Postnatal Depression

Postnatal Depression

Postnatal depression (PND) is often referred to as “baby blues, but in actuality PND and “baby blues” are two different conditions. “Baby blues” are the feelings (weepy, sad, overwhelmed, anxious and/or moody) that you develop approximately one to two weeks after giving birth. These feelings typically subside within a few days. PND, on the other hand, typically occurs during the first couple of months after giving birth and persists until you seek treatment. Although PND typically develops during the first 5 to 8 weeks, it can occur at any time during the first year. Minds For The Future psychologists can help you identify your PND triggers, seek support from family and friends and effectively manage your health condition.

 

Signs & Symptoms

Postnatal depression symptoms (PND) vary from woman to woman, but most women experience at least one of these feelings following the birth of their child. It is important to note that you will more than likely experience “good” and “bad” days following delivery, if these symptoms occur repeatedly for more than a couple of weeks and/or they worsen over time, then you may have PND.

  • Sadness/Despair
  • Loss of Interests in Activities
  • Extreme Fatigue
  • Feelings of Hopelessness and/or Helplessness
  • A Sense of Guilt and/or Shame
  • Loss of Appetite
  • Anxiety

 

Causes

  • Chronic depression and/or mental illness before the pregnancy or with a prior pregnancy
  • No support system (unsupportive family and friends)
  • Financial, job-related, housing and/or relationship issues
  • Post-delivery complications
  • A premature or ill newborn
  • Breastfeeding difficulties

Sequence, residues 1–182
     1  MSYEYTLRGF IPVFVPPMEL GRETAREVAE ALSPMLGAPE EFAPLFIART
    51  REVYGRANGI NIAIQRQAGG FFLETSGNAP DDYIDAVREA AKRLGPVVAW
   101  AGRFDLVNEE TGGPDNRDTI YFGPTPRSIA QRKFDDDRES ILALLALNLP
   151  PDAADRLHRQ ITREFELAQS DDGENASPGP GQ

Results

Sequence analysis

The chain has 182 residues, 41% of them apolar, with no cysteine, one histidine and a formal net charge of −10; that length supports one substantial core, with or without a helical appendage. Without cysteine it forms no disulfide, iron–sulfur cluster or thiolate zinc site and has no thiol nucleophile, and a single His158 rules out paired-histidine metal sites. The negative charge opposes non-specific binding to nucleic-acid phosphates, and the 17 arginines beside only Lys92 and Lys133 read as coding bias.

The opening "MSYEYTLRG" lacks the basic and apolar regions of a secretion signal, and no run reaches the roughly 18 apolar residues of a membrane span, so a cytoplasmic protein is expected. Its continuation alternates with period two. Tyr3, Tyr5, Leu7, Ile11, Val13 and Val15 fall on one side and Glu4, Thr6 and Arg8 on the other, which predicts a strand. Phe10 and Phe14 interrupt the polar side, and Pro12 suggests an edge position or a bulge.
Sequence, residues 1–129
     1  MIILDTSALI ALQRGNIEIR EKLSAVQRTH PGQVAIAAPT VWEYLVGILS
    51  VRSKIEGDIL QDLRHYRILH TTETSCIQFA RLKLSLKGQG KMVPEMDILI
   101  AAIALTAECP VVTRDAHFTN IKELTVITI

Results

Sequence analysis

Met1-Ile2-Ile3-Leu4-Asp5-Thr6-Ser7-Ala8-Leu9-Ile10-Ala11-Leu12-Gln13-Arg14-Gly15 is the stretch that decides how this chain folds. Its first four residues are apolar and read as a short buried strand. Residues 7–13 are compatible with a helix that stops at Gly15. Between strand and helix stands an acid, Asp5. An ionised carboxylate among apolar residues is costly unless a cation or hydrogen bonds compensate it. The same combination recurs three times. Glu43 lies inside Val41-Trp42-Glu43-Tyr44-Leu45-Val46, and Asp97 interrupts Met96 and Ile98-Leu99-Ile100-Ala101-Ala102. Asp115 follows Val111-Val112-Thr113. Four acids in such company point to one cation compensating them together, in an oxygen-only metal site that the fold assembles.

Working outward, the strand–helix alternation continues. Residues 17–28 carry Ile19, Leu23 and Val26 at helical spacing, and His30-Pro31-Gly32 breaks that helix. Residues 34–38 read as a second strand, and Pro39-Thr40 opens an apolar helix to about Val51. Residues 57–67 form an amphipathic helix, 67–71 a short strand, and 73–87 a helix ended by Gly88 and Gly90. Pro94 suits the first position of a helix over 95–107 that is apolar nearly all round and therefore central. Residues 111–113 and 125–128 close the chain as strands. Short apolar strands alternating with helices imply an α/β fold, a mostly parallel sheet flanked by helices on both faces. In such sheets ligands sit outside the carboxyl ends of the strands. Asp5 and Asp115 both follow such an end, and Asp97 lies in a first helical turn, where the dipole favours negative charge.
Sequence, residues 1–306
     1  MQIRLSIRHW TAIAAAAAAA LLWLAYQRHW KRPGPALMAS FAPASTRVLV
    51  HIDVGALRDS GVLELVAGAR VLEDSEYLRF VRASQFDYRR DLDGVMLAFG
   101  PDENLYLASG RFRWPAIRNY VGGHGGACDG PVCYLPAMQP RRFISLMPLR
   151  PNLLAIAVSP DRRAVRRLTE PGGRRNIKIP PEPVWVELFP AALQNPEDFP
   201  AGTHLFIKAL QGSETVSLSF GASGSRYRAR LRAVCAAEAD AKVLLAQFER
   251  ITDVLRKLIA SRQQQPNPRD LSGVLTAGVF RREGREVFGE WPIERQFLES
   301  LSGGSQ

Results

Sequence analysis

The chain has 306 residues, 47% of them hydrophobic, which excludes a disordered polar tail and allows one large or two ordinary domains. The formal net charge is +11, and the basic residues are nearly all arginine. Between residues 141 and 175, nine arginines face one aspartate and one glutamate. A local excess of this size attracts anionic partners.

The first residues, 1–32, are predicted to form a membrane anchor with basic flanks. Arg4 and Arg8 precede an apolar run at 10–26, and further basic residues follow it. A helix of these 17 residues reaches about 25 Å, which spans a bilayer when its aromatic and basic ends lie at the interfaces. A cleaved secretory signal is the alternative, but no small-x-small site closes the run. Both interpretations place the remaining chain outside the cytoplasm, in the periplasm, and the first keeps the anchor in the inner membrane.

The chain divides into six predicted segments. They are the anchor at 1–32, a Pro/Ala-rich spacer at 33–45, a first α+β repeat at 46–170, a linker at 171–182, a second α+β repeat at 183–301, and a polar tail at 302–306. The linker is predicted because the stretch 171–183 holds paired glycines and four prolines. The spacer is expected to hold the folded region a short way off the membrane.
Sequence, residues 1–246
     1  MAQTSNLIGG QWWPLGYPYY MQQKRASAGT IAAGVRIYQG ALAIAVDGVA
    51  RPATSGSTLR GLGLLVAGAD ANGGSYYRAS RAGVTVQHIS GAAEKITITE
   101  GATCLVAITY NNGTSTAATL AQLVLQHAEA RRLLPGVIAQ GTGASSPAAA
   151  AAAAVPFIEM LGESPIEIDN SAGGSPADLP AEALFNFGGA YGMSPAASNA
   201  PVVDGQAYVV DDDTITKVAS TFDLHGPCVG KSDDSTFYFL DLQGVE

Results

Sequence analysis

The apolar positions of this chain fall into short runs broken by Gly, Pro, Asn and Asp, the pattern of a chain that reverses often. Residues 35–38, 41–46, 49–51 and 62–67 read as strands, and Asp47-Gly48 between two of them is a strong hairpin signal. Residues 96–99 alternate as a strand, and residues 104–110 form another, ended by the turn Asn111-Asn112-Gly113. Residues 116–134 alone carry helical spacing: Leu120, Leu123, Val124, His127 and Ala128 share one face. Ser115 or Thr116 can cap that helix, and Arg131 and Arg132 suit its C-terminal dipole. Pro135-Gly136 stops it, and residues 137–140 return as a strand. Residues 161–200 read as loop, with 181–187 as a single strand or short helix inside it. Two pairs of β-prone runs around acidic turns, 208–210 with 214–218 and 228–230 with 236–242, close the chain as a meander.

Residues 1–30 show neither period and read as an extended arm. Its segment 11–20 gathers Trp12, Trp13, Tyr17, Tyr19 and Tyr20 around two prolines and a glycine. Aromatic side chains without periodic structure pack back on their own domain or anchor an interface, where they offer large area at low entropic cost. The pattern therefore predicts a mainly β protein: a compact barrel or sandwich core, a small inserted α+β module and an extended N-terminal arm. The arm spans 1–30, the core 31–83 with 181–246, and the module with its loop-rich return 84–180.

Treatments

  • Change Your Thinking Patterns: If you are experiencing postnatal depression, it is important that you change the way you perceive the situation. Minds For The Future psychologists can help you change your thinking patterns. Your psychologist will help you to see how your unhealthy thoughts are contributing to your depression. During sessions, you will learn how to change your thinking patterns so that you view giving birth and caring for your newborn as a positive experience.
  • Share Your Feelings: It is not uncommon to have confusing and/or conflicting feelings following delivery, especially if you do not have a strong support system. Minds For The Future psychologists can help you express your feelings. During sessions, your psychologist may suggest that you share your feelings with friends and family and/or suggest for you to join a support group. Sharing your feelings will not only help you manage your health condition, it also will give you an opportunity to meet new people who are going through a similar experience.
  • Help Yourself: Following delivery, you still have the pregnancy hormones coursing through your body so you may feel depressed and/or overwhelmed. It is important that you reframe from wallowing in self-pity and get up and help yourself.  Minds For The Future psychologists can “help you to help yourself”. During sessions, your psychologist will give you self-help manuals to get you on the road to recovery. These manuals will explain why you feel depressed and offer practical suggestions on how to handle your health condition in a healthy and positive way.
  • Recognise Unhealthy Relationships:  After giving birth, it is important to surround yourself with positive and supportive people. If you are constantly around negative people it can cause you to experience postnatal depression. Minds For The Future psychologists can help you identify whether your relationships are contributing to your health condition.

 

 

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